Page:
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Musical Skills Tied to Reading Proficiency

Musical Skills Tied to Reading Proficiency New research suggests musical practice and learning to recognize rhythms may help improve literacy: The ability to hear and remember instructions — a necessary part of musical ability — is critical for childhood reading skills.

In a new study, found in the journal Behavioral and Brain Functions, researchers provide a biological basis for how auditory working memory and musical aptitude are intrinsically related to reading ability.

Investigators from the Auditory Neuroscience Laboratory at Northwestern University tested children on their ability to read and to recognize words. Then they compared a child’s proficiency to the extent of their auditory working memory (remembering a sequence of numbers and then being able to quote them in reverse), and musical aptitude (both melody and rhythm).

Additionally, the electrical activity within the children’s brains was also measured as auditory brainstem responses to rhythmic, or random, sounds based on speech.

Nina Kraus, Ph.D., and her team found that poor readers had reduced neural responses (auditory brainstem activity) to rhythmic rather than random sounds. Furthermore, researchers discovered the ability to hear acoustic sounds correlated with reading ability as well as musical aptitude.

The musical ability test, specifically the rhythm aspect, was also related to reading ability. Similarly a good score on the auditory working memory related to better reading and to the rhythm aspect of musical ability.

Kraus explained, “Both musical ability and literacy correlated with enhanced electrical signals within the auditory brainstem.

“Structural equation modeling of the data revealed that music skill, together with how the nervous system responds to regularities in auditory input and auditory memory/attention accounts for about 40 percent of the difference in reading ability between children.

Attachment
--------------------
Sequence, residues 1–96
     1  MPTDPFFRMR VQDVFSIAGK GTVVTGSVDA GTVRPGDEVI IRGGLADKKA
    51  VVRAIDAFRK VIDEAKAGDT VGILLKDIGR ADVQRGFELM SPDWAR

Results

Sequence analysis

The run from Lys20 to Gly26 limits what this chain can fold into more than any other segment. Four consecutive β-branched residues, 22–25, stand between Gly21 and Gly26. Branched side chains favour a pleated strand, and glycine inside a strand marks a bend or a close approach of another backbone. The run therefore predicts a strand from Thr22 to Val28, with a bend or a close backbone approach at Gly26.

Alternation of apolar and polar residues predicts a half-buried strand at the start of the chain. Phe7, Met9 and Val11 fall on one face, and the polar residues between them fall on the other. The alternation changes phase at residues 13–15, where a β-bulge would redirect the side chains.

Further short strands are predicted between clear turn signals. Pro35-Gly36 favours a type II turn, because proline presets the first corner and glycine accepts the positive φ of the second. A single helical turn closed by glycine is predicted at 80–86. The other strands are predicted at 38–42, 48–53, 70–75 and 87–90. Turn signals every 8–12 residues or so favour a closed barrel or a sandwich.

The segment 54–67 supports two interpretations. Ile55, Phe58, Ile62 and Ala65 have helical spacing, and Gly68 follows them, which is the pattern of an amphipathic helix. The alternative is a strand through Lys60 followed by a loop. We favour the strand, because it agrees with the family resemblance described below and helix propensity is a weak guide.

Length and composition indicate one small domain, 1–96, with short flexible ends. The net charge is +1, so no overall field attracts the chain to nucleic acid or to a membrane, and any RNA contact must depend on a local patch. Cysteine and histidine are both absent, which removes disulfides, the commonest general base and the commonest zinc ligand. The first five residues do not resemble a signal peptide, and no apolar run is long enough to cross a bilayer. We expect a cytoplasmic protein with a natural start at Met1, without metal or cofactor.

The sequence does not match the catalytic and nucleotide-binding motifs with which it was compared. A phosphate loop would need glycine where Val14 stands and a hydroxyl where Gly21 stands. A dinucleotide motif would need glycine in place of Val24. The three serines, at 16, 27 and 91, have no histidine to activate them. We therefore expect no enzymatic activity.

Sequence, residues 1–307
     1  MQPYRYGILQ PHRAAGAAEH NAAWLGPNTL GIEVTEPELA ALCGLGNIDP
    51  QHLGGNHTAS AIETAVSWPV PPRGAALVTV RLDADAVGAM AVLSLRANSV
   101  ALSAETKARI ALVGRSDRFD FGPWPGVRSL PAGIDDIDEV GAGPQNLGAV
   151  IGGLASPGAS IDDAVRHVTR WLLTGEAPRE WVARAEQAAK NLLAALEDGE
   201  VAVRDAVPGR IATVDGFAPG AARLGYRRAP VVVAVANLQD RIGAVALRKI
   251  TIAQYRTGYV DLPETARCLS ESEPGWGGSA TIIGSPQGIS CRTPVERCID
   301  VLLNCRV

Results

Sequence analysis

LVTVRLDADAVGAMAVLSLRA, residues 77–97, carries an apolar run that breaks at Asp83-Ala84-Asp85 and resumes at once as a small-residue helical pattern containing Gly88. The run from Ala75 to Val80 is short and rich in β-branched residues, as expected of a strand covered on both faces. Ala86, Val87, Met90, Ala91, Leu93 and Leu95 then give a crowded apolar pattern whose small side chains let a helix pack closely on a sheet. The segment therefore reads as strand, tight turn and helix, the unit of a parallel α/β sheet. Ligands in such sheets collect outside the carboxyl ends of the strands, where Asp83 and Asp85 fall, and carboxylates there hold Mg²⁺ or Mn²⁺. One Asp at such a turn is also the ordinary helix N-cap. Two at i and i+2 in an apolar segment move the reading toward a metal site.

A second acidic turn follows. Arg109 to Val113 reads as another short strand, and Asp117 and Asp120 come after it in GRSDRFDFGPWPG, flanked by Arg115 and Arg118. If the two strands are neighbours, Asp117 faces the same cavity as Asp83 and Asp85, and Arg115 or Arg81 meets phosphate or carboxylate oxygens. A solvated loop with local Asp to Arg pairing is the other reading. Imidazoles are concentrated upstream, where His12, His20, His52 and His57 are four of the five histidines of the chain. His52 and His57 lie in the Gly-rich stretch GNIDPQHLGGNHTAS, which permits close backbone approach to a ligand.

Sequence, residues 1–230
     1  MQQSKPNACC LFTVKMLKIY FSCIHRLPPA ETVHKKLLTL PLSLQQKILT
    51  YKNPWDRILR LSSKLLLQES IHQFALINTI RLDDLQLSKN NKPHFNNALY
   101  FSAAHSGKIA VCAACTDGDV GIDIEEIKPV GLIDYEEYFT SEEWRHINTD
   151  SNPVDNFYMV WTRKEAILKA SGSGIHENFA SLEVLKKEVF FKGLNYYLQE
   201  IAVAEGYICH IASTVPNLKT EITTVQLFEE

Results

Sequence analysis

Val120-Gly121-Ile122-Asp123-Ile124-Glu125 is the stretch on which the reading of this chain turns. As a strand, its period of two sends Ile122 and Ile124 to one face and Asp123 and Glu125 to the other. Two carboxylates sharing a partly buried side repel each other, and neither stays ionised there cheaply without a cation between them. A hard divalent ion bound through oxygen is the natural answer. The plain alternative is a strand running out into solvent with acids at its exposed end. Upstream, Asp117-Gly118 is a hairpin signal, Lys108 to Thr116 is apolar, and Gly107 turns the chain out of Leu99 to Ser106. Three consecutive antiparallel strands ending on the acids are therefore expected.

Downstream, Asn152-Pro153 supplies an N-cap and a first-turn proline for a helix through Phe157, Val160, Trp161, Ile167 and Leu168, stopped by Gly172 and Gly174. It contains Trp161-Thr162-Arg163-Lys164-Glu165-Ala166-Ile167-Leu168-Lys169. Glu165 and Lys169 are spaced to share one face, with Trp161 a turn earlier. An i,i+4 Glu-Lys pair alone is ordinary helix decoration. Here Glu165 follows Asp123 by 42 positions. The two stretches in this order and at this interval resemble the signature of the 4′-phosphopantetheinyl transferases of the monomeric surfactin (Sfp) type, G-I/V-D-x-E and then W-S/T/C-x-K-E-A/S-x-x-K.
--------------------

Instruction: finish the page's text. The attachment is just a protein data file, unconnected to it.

“These results add weight to the argument that music and reading are related via common neural and cognitive mechanisms and suggests a mechanism for the improvements in literacy seen with musical training.”

Source: Biomed Central

Musical Skills Tied to Reading Proficiency

Rick Nauert PhD

Rick Nauert, PhDDr. Rick Nauert has over 25 years experience in clinical, administrative and academic healthcare. He is currently an associate professor for Rocky Mountain University of Health Professionals doctoral program in health promotion and wellness. Dr. Nauert began his career as a clinical physical therapist and served as a regional manager for a publicly traded multidisciplinary rehabilitation agency for 12 years. He has masters degrees in health-fitness management and healthcare administration and a doctoral degree from The University of Texas at Austin focused on health care informatics, health administration, health education and health policy. His research efforts included the area of telehealth with a specialty in disease management.

APA Reference
Nauert PhD, R. (2015). Musical Skills Tied to Reading Proficiency. Psych Central. Retrieved on August 15, 2018, from https://psychcentral.com/news/2011/10/19/musical-skills-tied-to-reading-proficiency/30490.html

 

Scientifically Reviewed
Last updated: 6 Oct 2015
Last reviewed: By John M. Grohol, Psy.D. on 6 Oct 2015
Published on PsychCentral.com. All rights reserved.